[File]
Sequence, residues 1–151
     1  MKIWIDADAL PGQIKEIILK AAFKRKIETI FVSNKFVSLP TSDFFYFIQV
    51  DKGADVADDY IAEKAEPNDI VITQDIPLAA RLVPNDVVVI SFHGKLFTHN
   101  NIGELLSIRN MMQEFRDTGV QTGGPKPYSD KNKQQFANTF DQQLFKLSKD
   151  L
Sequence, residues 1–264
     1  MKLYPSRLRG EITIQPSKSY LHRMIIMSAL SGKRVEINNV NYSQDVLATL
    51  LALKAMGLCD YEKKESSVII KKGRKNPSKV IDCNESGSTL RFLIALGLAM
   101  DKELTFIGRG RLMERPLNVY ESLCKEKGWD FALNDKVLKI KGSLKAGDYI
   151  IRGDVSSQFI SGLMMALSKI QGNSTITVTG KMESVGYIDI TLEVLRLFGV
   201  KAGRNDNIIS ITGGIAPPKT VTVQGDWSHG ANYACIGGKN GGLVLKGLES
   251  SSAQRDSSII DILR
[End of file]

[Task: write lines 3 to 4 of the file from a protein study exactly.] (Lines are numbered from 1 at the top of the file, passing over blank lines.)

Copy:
    51  DKGADVADDY IAEKAEPNDI VITQDIPLAA RLVPNDVVVI SFHGKLFTHN
   101  NIGELLSIRN MMQEFRDTGV QTGGPKPYSD KNKQQFANTF DQQLFKLSKD